Physical and practical hydrograph recession modeling in karstic sinkholes


Sen Z., Dabanli I., Sisman E.

WATER SUPPLY, vol.20, no.2, pp.751-760, 2020 (Journal Indexed in SCI) identifier identifier

  • Publication Type: Article / Article
  • Volume: 20 Issue: 2
  • Publication Date: 2020
  • Doi Number: 10.2166/ws.2020.004
  • Journal Name: WATER SUPPLY
  • Journal Indexes: Science Citation Index Expanded, Scopus, PASCAL, Agricultural & Environmental Science Database, Aqualine, Aquatic Science & Fisheries Abstracts (ASFA), BIOSIS, CAB Abstracts, Compendex, EMBASE, Environment Index, Geobase, ICONDA Bibliographic, Pollution Abstracts, Veterinary Science Database
  • Page Numbers: pp.751-760
  • Keywords: discharge, hydraulic head, karstic, practical, recession, sinkhole, CONDUIT-FLOW, HEAD DROP, AQUIFERS, GROUNDWATER, RECHARGE

Abstract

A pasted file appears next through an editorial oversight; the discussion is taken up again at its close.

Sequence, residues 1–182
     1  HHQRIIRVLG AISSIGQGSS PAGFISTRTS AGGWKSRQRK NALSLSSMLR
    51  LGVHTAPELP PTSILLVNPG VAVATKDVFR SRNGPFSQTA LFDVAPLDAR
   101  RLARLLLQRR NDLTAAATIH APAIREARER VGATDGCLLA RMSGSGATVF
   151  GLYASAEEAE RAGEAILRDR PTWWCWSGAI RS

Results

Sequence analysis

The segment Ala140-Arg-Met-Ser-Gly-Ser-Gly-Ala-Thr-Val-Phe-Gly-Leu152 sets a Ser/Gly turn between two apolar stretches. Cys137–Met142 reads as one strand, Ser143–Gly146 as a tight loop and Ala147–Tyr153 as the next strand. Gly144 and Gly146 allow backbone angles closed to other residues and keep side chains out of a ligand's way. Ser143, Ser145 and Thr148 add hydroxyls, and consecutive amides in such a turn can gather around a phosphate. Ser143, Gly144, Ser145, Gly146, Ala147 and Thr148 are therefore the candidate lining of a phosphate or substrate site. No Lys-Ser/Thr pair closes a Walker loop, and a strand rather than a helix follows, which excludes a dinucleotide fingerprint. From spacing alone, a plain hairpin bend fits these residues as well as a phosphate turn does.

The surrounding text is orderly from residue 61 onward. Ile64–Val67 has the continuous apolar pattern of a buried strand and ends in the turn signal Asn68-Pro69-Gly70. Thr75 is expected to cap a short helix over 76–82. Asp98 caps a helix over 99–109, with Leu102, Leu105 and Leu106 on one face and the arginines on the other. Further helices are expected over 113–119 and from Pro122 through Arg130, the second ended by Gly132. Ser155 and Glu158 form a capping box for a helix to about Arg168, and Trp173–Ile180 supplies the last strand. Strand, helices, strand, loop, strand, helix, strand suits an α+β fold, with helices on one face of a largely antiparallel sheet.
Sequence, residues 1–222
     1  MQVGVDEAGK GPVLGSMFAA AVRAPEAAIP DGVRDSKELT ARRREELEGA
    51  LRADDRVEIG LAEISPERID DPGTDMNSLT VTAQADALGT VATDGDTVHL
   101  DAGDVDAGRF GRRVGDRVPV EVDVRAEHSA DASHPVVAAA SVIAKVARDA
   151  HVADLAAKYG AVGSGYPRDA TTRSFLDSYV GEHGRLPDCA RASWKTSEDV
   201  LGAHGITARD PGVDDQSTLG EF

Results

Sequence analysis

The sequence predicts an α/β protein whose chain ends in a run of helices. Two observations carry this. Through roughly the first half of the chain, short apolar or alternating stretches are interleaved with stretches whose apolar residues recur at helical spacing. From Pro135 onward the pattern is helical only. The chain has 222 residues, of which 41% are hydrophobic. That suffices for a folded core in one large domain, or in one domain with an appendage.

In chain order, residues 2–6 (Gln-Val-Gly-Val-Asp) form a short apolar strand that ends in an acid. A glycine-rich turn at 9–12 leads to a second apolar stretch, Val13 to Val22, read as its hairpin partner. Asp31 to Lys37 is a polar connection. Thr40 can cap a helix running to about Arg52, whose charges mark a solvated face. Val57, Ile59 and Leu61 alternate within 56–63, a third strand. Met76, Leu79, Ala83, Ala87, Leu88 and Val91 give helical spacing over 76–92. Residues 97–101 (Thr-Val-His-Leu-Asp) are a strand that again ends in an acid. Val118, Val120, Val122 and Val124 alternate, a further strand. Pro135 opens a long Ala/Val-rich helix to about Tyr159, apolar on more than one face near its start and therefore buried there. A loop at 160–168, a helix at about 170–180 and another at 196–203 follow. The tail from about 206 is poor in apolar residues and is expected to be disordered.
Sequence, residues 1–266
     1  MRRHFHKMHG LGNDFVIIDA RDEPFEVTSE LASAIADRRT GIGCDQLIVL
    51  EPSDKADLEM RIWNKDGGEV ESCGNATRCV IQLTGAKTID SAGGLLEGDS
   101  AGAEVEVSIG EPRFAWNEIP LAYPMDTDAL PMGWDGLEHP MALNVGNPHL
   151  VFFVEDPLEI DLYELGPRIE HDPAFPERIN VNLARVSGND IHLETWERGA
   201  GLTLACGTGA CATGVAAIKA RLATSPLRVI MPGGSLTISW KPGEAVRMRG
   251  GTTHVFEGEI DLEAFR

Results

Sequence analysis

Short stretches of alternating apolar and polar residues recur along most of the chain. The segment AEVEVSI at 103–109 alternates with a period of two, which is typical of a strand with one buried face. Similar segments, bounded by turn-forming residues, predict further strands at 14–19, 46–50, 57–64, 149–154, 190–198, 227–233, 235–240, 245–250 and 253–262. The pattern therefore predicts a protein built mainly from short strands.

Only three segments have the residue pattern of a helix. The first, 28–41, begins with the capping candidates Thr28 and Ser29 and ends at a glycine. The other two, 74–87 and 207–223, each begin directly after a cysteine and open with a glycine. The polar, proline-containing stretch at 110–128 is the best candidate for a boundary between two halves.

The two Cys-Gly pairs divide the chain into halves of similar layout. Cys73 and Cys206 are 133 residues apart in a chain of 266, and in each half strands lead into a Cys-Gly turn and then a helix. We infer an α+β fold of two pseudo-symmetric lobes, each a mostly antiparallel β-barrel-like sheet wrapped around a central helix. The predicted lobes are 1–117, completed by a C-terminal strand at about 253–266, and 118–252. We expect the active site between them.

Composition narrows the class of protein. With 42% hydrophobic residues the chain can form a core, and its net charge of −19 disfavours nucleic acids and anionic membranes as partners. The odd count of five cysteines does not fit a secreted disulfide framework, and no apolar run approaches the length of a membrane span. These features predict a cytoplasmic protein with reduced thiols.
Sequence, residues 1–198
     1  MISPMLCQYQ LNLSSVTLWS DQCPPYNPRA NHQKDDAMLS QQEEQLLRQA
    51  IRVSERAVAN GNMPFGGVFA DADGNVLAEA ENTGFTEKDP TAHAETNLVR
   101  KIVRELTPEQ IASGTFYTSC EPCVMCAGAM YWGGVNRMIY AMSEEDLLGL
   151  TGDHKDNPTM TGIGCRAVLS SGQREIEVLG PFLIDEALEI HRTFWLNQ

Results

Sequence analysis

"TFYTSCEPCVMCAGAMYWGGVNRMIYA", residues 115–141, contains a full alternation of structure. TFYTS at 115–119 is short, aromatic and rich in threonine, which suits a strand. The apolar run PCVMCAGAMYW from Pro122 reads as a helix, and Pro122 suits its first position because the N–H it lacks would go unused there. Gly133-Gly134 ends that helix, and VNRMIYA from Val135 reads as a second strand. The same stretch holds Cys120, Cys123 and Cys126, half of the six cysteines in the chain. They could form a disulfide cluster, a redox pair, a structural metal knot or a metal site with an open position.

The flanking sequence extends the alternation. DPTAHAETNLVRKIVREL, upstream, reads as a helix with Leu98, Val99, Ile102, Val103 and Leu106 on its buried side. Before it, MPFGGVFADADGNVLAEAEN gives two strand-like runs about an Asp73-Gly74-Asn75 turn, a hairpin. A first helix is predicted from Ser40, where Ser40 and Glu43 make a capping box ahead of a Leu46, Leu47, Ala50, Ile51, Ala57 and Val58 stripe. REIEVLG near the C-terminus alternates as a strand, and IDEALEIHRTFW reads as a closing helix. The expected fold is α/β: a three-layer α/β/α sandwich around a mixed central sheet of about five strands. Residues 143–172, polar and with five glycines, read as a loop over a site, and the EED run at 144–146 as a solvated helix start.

Karstic spring discharge is related to the hydraulic head recession through a power function with an exponent <1. In the literature, analytical solutions are available for exponential and non-exponential models based on a set of restrictive physical and mathematical assumptions. The models search for a holistic and deductive solution without basic physical and practical interpretations, simple logical inferences leading to mathematical analytical or empirical formulations. In this paper, an inductive, logical, practical, and instead of holistic modeling, physically plausible piecewise solutions are proposed with detailed inferences and interpretations. In the proposed methodology, the discharge and hydraulic head records are decomposed first into a set of verbal classes and, subsequently, physical meaning for each class is explained leading to simple general but empirical models. For this purpose, Wakula and St. Marks River (Florida) hydrograph records are used for the general solution sinkhole discharge and hydraulic head variations. The solution methodology presented in this paper does not make any distinction between relatively small or large sinkhole heads. The calibration and verification of the methodology is shown with a comparison of the available record values to partial power models. Finally, it is concluded that the proposed methodology is reliable and can be applied to hydraulic head availability with discharge records in any part of the world for karstic aquifer domains.